A river-deep detour: connecting coastal village Scotts Head
For those living and working in the Northern New South Wales coastal village of Scotts Head, services over the nbn™ access network are closer than ever. We’ve successfully drilled beneath a river and coastal wetlands to install a vital new fibre link to the popular holiday destination.
The drilling job, which involved two separate 500-metre-long ‘bore shots’ – one under Warrell Creek and the other to bypass protected wetlands in the area – was achieved quickly and has saved NBN Co hundreds of thousands of dollars in costs.
The original plan
It wasn’t part of the original plan to connect Scotts Head this way.
Original plans to connect the surfing hotspot to our network would have seen a fibre link laid from Macksville to Scotts Head via the Pacific Highway, one of the state’s main trucking and transport thoroughfares.
The designs for that original 15-kilometre route would have involved numerous difficult bridge crossings and lengthy closures of the busy highway, causing significant traffic delays.
“We would have had to shut down sections of the highway and bridges,” says Steven Hasselbach, NBN Co Deployment Manager – Rural North. “If we had gone down that route, not only would it have taken a lot longer, it would have cost us about 20 per cent more.”
Hasselbach leant on the expertise of his colleague and area-local, NSW Regional Deployment Project Officer Pat Friend, who helped devise a new and cheaper (albeit trickier) path to make the fibre connection a reality.
“The original route was an incredibly difficult path to build,” says Friend. “There were private properties, national parks and bridges to contend with, so we went looking for a new route.
"This will help make a difference to the people of Scotts Head. It’s towns like these that can benefit from services and the competition that the nbn™ access network brings.”
The new plan
Friend used his local knowledge of Scotts Head and the surrounding suburbs to come up with an alternative solution. This involved using quiet back roads and boring under Warrell Creek to lay the fibre link needed to connect the town.
“We went looking for another route and found one,” says Friend. “The only problem was we had to bore about 500 metres under a river. We literally went door knocking at paddocks alongside Warrell Creek to find someone who would grant us land access to make it happen.”
“The new route allowed us to avoid many of the risks we would have faced on the main road, as well as a series of difficult bridge crossings,” adds Hasselbach. “It goes to show that, while we have designs, it’s not until we get out on the ground that we discover the combination of risk and cost sometimes means it’s not practical.”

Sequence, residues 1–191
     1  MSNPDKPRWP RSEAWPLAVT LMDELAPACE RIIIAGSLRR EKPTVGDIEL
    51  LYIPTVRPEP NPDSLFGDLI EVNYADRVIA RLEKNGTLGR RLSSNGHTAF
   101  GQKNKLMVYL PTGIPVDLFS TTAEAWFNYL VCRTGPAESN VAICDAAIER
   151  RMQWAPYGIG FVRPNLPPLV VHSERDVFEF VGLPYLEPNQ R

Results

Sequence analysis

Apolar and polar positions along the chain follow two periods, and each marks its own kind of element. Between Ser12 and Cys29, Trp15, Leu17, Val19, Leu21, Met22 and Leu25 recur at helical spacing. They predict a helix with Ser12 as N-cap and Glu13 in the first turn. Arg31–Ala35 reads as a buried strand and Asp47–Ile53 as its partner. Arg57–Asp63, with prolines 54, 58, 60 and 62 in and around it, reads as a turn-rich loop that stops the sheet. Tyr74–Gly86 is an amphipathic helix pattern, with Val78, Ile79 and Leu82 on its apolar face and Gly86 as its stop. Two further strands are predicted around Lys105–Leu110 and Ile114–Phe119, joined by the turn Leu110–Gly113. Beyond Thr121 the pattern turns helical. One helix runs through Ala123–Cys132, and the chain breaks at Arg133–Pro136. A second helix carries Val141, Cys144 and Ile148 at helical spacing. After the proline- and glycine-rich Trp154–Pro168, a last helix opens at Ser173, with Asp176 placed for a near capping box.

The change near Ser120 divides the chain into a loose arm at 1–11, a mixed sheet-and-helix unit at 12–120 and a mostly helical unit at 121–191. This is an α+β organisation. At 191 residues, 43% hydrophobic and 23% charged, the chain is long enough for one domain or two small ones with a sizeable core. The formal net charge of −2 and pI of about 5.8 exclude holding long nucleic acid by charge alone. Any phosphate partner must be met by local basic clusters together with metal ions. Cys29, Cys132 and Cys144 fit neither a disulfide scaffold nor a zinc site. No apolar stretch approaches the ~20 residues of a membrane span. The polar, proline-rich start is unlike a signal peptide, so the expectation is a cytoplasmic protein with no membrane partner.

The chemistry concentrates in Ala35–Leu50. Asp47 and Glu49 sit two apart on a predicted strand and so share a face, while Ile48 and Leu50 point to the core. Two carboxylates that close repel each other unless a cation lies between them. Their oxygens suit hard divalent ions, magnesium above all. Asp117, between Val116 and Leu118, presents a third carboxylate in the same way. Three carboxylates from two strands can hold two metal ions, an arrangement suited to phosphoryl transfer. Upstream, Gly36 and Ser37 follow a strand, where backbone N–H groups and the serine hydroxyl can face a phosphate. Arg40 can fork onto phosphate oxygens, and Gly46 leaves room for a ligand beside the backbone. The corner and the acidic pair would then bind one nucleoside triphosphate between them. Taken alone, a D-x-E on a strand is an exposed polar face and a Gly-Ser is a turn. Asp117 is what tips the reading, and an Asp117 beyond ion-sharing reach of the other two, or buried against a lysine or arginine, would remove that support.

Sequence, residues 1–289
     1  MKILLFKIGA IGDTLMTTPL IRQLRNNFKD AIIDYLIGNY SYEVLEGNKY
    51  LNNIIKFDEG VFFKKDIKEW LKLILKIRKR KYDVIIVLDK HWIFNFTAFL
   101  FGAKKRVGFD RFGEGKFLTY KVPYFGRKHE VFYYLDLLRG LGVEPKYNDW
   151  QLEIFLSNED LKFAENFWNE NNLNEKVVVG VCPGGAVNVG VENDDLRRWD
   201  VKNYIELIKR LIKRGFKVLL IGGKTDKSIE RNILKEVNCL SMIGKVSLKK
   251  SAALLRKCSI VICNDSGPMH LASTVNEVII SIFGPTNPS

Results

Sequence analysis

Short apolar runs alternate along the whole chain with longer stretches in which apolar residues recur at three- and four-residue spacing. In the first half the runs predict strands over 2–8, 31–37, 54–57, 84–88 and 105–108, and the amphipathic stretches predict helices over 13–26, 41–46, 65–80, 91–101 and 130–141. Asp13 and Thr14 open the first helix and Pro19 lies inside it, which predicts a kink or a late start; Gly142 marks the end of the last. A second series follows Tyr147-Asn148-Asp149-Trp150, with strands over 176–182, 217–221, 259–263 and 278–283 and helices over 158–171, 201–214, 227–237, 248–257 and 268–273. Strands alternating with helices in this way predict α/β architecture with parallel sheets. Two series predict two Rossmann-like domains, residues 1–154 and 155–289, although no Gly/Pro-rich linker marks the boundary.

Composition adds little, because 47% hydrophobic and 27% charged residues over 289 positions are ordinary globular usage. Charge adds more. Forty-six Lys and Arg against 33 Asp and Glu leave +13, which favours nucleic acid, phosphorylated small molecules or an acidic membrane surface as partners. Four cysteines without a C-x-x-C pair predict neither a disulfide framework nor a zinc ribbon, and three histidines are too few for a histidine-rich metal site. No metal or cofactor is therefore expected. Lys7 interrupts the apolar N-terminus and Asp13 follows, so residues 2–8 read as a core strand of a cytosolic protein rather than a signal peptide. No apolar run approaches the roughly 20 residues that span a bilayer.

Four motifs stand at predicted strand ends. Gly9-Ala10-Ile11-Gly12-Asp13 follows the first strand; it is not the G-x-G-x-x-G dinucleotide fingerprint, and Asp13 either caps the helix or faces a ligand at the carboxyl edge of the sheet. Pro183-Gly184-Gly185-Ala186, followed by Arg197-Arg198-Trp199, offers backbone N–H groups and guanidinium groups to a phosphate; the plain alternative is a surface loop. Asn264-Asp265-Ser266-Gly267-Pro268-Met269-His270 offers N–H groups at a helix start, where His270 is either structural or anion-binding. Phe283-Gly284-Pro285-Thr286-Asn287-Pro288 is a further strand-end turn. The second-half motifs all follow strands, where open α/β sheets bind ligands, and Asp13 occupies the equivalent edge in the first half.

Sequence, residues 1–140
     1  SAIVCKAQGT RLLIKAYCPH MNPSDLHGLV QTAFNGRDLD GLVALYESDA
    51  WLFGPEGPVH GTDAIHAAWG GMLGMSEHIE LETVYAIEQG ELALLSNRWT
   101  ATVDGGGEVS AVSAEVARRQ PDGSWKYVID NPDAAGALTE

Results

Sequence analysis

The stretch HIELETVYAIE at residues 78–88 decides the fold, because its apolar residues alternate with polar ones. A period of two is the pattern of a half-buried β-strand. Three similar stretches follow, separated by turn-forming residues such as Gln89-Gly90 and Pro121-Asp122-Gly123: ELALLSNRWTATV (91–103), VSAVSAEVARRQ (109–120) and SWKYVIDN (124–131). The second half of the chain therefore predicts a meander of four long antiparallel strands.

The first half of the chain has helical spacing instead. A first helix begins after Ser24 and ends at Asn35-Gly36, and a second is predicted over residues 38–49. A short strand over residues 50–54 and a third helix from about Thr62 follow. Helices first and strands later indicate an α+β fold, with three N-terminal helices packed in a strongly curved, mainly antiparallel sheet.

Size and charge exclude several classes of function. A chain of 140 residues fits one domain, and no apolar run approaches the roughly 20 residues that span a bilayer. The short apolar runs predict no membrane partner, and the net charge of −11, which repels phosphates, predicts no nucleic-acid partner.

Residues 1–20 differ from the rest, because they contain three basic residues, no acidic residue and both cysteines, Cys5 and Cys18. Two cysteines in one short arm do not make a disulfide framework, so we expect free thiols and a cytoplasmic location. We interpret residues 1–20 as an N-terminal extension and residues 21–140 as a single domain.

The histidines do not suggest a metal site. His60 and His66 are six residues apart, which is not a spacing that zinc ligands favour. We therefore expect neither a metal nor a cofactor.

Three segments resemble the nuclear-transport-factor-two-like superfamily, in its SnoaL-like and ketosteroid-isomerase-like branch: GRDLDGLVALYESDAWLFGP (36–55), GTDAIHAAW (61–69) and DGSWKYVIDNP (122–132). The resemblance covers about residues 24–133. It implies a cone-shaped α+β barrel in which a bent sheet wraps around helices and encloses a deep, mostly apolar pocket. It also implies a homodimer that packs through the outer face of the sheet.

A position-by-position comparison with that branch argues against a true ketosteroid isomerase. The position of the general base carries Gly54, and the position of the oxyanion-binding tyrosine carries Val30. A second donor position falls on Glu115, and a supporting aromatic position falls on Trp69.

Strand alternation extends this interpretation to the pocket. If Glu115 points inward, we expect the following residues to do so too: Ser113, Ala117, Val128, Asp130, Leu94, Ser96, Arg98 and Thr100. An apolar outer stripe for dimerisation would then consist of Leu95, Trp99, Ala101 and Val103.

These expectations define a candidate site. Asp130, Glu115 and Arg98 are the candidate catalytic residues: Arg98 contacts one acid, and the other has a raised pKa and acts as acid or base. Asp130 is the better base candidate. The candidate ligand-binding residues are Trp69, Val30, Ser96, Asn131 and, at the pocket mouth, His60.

Maxibor Australia, a specialist bore operator, was brought in to operate a 13.5-tonne directional drill that churned through dirt, cobblestones and bedrock some 15 metres beneath Warrell Creek to ream a path for the fibre-encasing conduit.
Once under the river, the drill bit bore its way through the bedrock at a pace of about three centimetres per minute before completing its 500-metre journey to the other side of the bank. In all, it took 10 days to complete the job.
Despite the seemingly gruelling pace, Maxibor says the bore shots were done in record time for the company and that particular drilling machine – but the new plan wasn’t without its challenges. The bedrock beneath the river was discovered to be extremely hard and had a compressive strength in excess of 180 megapascals (MPa, a pressure measurement unit), putting it in the same league of toughness as granite.
Other challenges included keeping the drill bit on track and at the right depth to ensure the bore shot remained on target at all times.
The drill head was constantly monitored using a special magnetic guidance tool to ensure it remained at the correct depth and direction. Tracking the drill is usually done by walking the route of the drill, but because the bore was underneath the riverbed, a worker had to use a dinghy to track the drill head across the river.
It’s not the first time NBN Co has bored under a river to bring access to services over the nbn™ access network to homes and businesses. The same team worked with Maxibor Australia in 2014 to complete a 370-metre fibre crossing under the Manning River from Taree to Tinonee.
In 2017, NBN Co also successfully executed a 170-metre bore shot beneath a major highway, two busy roads and a railway line outside the Victorian town of Warragul.
“It’s innovative solutions like these bore shots, coupled with the expertise we have on the ground all around the nation, that’s allowing us to get on with the job of connecting Australians to services over our network,” says Hasselbach.